Rotunda Building Oakland, CA
Urban Mixed-Use Redevelopment
Cost & Size
$49.6M / 350,000 ft. sq.
Dates of Services
Nov 1999-Jan 2001
Oakland Heritage Alliance’s President’s Award (2001)
Califaornia Preservation Foundation’s President’s Award, Structures Category (2001)
San Francisco Business Times & East Bay Times Structures Award (2001)
The Rotunda Building, located at the corner of Broadway and 16th in downtown Oakland, CA, was originally built in 1913 and served as the site of several department stores before it fell into disrepair and closed in 1980. A redevelopment effort was attempted by a private investor in the late 1980s, but was curtailed by the Loma Prieta earthquake in 1989. The Beaux-arts building was later acquired by the City of Oakland as part of the Frank Ogawa Plaza property in 1993, but sat empty for a number of years.
In 1997, the City’s Community and Economic Redevelopment Agency selected the Oakland-based Rotunda Partners development team, featuring Architectural Dimensions as Project Architect, who purchased the building in 1999 and performed the $49.6 million historical restoration via a public-private partnership (P3). Funding for the project involved four separate sources, including private equity, a private loan, $12 million in redevelopment agency funds, and federal historic preservation tax incentives, which allow federal and state government agencies to support the restoration and reuse of historic structures by encouraging private investors to purchase and manage them.
The purpose of the project was to (1) Preserve the building’s history and aesthetic while bringing it up to current code standards; (2) Integrate current technologies and improvements into the building to maximize life safety standards, energy efficiency, user amenities, and which meet the needs of future tenants; and (3) Convert an unrentable, single-tenant retail building into a multi-tenant commercial, office building with 10% supporting retail.
To meet the project’s financial goals, it was imperative to nurture collaborative partnerships with both public and private entities. One such partnership with the City maximized the budget utilization under a private construction contract, while also giving the City a return on its investment.
DESIGN. Understanding the deficiencies of the building were essential to planning its restoration. A collaborative design team that included AD as the Project Architect, along with engineers and contractors, was tasked with investigating the building’s condition in order to identify issues, possible solutions, and various cost models.
Identifying these issues prior to the start of construction was a key factor in the project’s overall success. AD also worked in cooperation with the general contractor (GC) early in the planning phase to fully test and examine the 8-story building. A variety of code constraints were identified, triggered by an incomplete redevelopment attempt in the 1980s. As a result, AD’s design and renovation efforts were extremely complex and included:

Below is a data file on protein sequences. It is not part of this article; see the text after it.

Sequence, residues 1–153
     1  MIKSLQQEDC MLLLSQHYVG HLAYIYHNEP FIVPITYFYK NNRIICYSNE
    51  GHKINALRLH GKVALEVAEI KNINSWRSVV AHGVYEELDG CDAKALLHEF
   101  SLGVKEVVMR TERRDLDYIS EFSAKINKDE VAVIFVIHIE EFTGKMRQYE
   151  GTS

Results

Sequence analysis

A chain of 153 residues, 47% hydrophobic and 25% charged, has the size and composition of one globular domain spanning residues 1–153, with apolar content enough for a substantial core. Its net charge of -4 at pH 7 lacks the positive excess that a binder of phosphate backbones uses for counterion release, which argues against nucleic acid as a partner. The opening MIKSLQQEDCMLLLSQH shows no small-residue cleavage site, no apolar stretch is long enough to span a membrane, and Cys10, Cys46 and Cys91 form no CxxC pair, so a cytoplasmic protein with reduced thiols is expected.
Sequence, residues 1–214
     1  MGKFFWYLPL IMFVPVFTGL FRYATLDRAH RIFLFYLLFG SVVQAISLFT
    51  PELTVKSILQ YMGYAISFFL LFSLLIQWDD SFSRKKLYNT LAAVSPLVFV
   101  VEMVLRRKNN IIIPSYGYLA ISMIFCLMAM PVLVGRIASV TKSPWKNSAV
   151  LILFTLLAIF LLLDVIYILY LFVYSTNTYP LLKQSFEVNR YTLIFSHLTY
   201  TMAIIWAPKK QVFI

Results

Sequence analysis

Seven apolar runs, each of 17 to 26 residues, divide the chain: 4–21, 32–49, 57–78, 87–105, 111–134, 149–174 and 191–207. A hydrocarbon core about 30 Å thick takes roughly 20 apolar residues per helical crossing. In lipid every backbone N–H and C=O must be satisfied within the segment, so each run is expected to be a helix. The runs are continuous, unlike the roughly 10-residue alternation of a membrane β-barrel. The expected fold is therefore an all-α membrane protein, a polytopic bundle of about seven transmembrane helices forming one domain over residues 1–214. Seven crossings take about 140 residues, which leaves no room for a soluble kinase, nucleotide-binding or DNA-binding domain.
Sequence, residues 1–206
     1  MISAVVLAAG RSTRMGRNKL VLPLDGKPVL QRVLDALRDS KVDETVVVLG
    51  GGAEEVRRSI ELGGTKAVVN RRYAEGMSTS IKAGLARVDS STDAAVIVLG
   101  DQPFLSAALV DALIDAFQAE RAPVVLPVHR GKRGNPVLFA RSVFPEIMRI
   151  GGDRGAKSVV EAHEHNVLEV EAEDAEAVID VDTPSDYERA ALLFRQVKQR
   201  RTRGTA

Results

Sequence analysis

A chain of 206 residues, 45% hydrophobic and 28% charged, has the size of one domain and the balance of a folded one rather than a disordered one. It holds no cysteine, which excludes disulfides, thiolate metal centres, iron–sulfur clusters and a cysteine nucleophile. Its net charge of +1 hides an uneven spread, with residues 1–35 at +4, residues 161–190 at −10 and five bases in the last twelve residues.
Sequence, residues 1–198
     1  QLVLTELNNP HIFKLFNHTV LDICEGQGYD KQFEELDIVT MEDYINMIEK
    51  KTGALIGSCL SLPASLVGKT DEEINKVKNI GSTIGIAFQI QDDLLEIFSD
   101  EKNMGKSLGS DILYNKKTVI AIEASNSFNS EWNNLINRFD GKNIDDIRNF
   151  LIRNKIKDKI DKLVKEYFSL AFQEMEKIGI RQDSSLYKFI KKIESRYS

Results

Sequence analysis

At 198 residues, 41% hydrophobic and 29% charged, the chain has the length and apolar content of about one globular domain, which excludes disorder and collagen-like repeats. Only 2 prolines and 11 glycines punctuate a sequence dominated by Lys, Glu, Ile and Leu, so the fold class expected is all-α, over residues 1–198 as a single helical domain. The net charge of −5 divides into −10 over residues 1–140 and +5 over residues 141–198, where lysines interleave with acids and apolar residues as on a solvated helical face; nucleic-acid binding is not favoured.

– extensive review of decades of adaptations and changes that had been made to the building,
– upgrading of all building systems to meet current code requirements
– extensive structural design work to join the original building’s steel frame structure with a separate concrete-frame of a stand-alone annex built in 1923,
– incorporation of elements of a previously attempted restoration,
– the enclosure of the 5th floor’s interior in glass, facing the atrium,
– preservation of the now-historic 1986 handrails,
– full historical restoration of the building to its original form in order to comply with its historic registration status, and
– restoration of the atrium’s iconic 125-foot-high dome ceiling, which features 400 individual panes of glass.
In response to strict scheduling and building requirements from lenders and local agencies, our team took an aggressive approach to coordinating with, and obtaining design reviews from, each stakeholder agency before the construction documents were even completed. In addition, the building owner’s willingness to pay for any necessary research, agency consultations, and expert consultants also gave the lenders, community, and stakeholders such confidence in the project, that sources normally deemed ‘adversarial’ ended up contributing positive input on the design. Several variances to the presiding building code were also required in order to preserve various historic elements of the Rotunda. Our team’s dedicated coordination efforts ensured that all variances were processed and approved by the appropriate City agency prior to any building permits being issued.
CONSTRUCTION. The project was constructed via a design-build-style method in 24 months, with completion taking place in January 2001. AD was responsible for obtaining the GC’s upfront commitment to using several key subcontractors to provide the high-performance mechanical, electrical, fire protection, and plumbing systems required by prospective tenants, but which (per the historic building code) needed to be incorporated in a way that did not disrupt the historic elements of the building. The final 350,000-square-foot building consisting of 6 floors of Class A commercial office space (ranging in size from 5,000 to 50,000 square feet each) situated over one floor of retail, and a basement level.
In September of 2001, a dedication of the building was performed by then Mayor Jerry Brown at an event hosted by non-profit group the Oakland Heritage Alliance, which honored the Rotunda Partners team with their prestigious President’s Award for their contribution to preserving the City’s history.